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Digital Mapping Techniques '98 -- Workshop Proceedings
U.S. Geological Survey Open-File Report 98-487

Product Development and Distribution from the Kansas Digital Geologic Map Database

By Jorgina A. Ross

Kansas Geological Survey
1930 Constant Avenue
Campus West, University of Kansas
Lawrence, KS 66047
Telephone: (913) 864-3965
Fax: (913) 864-5317


Increased availability of digital geologic map databases has brought with it a flood of suggestions regarding possible modes of presentation and distribution. Examples are presented here of the responses developed by the Kansas Geological Survey (KGS). Geologic mapping and digital geologic map database development in Kansas targets completion of projects at the county level. In response to constituent needs, geologic maps and map databases are released as county products. Currently, the only exception among standard distribution products is the availability of mylar transparency overlays of surface geology to accompany individual topographic quadrangles.


At present, database development has been completed for eleven counties with base maps at 1:24,000. Two additional counties have digital geologic map databases digitized directly from smaller scale, out-of-print maps. Six counties have new field mapping at 1:24,000 scale (and associated database development) in progress or near completion with STATEMAP funding. Similar mapping and database development is underway in eight other counties through KGS funding (two of these county projects have limited support through STATEMAP). New field mapping is planned to begin within 5 years in another eight counties throughout the state. Six counties are priority projects for data compilation at 1:24,000 by interpretation from previously published maps, with completion planned by June 1999. Numerous additional counties (primarily in eastern Kansas) will be targeted for database development through interpretation of previously published maps as the current priority county projects are completed.

Numerous products related to digital county geologic map databases are under development or currently available from the Kansas Geological Survey (KGS). These products include both hard copy and digital formats. Information concerning either published maps or digital geologic data and related products can be obtained through the KGS web site at A link is provided to the KGS Publications Sales Office.


The KGS has three standard products developed for printed distribution from its digital county geologic map databases. Geologic maps of individual counties are available at scales of 1:50,000 and 1:100,000. In addition, mylar transparencies are available as overlays for 7.5-minute (1:24,000 scale) topographic maps. These overlays have only the surface geology, within section corners marked to provide local control when positioning the mylar over the paper topographic map. For reference, the quadrangle name and a stratigraphic column are also printed on the mylar. The price of the mylar overlays includes payment for the corresponding 7.5-minute paper topographic map.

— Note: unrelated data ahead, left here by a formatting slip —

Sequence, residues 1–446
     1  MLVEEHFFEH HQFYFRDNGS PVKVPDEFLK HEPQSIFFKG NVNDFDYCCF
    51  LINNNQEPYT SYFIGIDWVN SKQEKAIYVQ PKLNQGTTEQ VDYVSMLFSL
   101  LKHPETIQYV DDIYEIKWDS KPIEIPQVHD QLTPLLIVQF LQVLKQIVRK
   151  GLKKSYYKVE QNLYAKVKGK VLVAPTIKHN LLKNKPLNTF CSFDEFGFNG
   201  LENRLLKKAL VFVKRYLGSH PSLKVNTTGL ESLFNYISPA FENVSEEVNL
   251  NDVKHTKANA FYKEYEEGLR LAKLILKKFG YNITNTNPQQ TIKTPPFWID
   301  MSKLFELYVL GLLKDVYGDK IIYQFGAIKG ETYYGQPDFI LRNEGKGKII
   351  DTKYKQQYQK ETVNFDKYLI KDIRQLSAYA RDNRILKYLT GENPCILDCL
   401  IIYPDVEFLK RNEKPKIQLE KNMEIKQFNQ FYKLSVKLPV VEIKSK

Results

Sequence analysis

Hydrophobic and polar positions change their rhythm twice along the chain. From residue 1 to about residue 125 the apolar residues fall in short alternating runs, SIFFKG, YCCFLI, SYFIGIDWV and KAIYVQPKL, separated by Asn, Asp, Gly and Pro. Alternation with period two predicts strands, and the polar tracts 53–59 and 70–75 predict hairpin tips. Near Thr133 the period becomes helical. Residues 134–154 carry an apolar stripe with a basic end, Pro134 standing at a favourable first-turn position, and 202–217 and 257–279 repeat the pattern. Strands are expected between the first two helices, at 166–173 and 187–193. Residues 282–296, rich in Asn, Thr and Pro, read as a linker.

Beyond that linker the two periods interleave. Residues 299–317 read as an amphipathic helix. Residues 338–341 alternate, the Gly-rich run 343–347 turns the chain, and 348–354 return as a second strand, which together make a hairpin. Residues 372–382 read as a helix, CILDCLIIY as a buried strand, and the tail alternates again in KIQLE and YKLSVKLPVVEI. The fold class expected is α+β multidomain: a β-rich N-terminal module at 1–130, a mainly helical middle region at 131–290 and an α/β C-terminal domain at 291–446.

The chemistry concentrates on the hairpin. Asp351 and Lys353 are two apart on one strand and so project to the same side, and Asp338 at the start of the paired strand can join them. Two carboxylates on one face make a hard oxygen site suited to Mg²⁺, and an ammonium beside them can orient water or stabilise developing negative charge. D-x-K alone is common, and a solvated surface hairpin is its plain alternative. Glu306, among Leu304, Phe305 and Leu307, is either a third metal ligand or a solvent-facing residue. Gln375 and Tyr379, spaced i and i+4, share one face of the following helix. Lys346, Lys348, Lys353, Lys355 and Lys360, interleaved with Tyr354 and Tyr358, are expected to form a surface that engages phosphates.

Through the 'County Geologic Map Index' on the KGS web site, individuals can gain direct access to geologic map images derived from county map databases and to a bibliography of published county maps. For counties with digital geologic map databases, a GIF image of the published map (at half size) can be downloaded directly from the web site. The geologic map images presented for individual counties are also being developed to provide links to more specific images or information related to the geology of that county. Images of outcrops or type sections can be linked to the map location of the photograph or, in the case of type sections, tied to the formation name in the map legend. For instance, when viewing the image of Riley County geology, hot links provide access to images of the following:

  1. aerial photography of the topographic structure formed by a kimberlite,
  2. a fault exposed in a road cut at the east end of Tuttle Creek Dam,
  3. a quarter-mile of road destroyed by mass slumping of water-swollen shales, and
  4. a waterfall on Deep Creek at the outcrop of the Elmont Limestone Member.

Such images provide a valuable learning tool for both the general public and the serious student of geology. Information related to subsurface geology can be presented in a similar manner through images of well log data or seismic lines.

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Last updated 10.06.98